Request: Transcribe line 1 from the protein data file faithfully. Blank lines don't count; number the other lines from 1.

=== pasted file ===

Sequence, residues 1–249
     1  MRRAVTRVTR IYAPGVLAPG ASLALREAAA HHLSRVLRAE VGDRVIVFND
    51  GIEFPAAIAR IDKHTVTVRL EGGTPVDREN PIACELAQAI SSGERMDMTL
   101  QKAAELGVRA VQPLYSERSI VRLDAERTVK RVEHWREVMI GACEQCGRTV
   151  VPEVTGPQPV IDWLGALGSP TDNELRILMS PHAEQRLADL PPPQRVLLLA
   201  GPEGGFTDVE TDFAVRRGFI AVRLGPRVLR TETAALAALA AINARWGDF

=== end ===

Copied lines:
Sequence, residues 1–249